Session Review: Education

School funding

Cedar Rapids Sen. Kate Sullivan introduced LB525, the Education Committee’s annual “clean-up” bill. The bill clarifies that homeless students must be admitted without charge only to the district in which the student currently is located or the school where the student was last enrolled.

It also allows an early childhood professional to report his or her educational degrees or professional credentials, relevant training and work experience to the Nebraska Early Childhood Professional Record System.

The bill includes provisions of LB524, also introduced by Sullivan, regarding the Community Eligibility Provision (CEP). CEP is a federal program that allows school districts in which at least 40 percent of students are defined as poverty students to offer free meals to all students without collecting applications from households.

To recognize participation in the program, the bill redefines low-income and poverty students under the Tax Equity and Educational Opportunities Support Act (TEEOSA) for schools that provide free meals under CEP.

Provisions of several additional bills were incorporated into LB525, including:
• LB526, introduced by Sullivan, which clarifies that an individual holding a permit issued by the Commission of Education is included under the definition of individuals certified to teach, administer or provide special services;
• LB239, introduced by Malcolm Sen. Ken Haar, which reallocates funds generated by solar and wind energy agreements on school lands to assist schools in implementing an effective educator evaluation model;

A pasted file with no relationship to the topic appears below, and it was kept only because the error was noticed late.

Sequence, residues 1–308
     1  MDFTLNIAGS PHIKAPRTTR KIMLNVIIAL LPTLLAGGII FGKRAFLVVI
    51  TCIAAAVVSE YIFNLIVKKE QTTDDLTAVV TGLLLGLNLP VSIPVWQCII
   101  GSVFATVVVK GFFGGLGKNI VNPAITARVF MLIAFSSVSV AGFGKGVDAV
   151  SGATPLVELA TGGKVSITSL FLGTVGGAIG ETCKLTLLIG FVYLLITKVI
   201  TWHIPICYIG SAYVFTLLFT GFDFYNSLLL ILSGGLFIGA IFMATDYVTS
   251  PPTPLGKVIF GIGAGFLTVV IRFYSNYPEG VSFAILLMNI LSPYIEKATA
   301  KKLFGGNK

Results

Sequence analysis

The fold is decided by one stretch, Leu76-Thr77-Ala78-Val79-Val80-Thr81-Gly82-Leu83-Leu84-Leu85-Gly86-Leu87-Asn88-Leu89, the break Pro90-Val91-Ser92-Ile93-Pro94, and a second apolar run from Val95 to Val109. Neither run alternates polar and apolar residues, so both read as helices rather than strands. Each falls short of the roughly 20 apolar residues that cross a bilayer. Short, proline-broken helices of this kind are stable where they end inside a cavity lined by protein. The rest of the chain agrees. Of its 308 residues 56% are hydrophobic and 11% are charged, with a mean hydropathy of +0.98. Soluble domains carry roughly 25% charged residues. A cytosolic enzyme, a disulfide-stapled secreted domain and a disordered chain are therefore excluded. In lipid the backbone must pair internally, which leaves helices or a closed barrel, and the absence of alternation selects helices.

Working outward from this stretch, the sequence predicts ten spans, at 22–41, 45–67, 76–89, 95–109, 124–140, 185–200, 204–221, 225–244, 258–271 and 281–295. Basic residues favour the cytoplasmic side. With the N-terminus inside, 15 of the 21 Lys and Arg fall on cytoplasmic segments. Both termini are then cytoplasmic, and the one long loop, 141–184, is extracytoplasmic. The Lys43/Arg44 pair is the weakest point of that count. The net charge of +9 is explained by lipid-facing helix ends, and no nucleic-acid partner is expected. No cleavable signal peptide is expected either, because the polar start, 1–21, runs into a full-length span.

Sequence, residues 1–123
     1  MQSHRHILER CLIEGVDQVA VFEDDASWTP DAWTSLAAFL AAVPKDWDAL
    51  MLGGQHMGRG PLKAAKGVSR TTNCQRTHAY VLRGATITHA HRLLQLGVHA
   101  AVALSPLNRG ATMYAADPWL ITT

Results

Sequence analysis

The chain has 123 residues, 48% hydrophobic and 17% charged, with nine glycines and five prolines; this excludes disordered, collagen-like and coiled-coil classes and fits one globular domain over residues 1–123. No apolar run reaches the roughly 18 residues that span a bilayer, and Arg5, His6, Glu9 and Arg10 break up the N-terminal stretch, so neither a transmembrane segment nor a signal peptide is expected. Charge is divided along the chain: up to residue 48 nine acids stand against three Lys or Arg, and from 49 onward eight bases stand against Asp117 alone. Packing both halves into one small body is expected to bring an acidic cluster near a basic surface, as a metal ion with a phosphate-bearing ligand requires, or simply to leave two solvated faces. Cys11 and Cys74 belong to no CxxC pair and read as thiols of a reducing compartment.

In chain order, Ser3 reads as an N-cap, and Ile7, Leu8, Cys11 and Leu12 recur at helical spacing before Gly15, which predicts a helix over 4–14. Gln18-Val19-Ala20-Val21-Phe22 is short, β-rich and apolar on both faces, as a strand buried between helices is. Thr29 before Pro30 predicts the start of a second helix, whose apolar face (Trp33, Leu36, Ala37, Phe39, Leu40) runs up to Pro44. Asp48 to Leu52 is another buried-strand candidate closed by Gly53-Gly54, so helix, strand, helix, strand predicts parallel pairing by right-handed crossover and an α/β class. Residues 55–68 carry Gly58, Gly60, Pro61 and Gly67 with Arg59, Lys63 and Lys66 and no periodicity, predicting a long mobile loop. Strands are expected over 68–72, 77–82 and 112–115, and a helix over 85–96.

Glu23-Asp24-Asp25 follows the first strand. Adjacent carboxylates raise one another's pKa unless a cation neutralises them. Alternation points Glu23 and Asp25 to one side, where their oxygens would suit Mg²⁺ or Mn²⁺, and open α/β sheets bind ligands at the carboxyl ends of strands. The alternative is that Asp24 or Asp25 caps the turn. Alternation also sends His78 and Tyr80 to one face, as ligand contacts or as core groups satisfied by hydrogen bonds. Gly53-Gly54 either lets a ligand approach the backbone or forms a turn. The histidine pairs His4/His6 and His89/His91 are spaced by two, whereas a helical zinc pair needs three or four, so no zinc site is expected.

• LB509, introduced by Omaha Sen. Tanya Cook, which eliminates a TEEOSA poverty allowance disqualification and instead imposes a 5 percent reduction in the allowance upon failure to meet requirements;
• LB572, introduced by Hyannis Sen. Al Davis, which requires the state security director to recommend curricular and extracurricular material designed to prevent cyber-bullying; and
• LB410, introduced by Sullivan, which adds income eligibility for the Access College Early Scholarship Program Act for students participating in a career academy or career path of study.

The bill passed on a 46-0 vote.

Sullivan also introduced LB519, adopted 48-0, which directs the distribution of lottery funds for educational purposes for the 2017-18 through 2020-2021 school years.

The state Board of Education will establish a competitive innovation grant program with funding from the Nebraska Education Improvement Fund, created by LB519.

Money in the Education Improvement Fund is allocated as follows:
• 1 percent to the state Department of Education for the Expanded Learning Opportunity Grant Program Act;
• 17 percent to the state Board of Education for competitive innovation grants;
• 9 percent to the Community College Gap Assistance Program;
• 3 percent to the education incentives;
• 8 percent to the Excellence in Teaching Cash Fund; and
• 62 percent to the Nebraska Opportunity Grant Fund.

Grantees can be a school district, an educational service unit (ESU) or a combination of entities that includes at least one school district or ESU. The board will award grants to applicants that are deemed innovative and to have a high chance of success.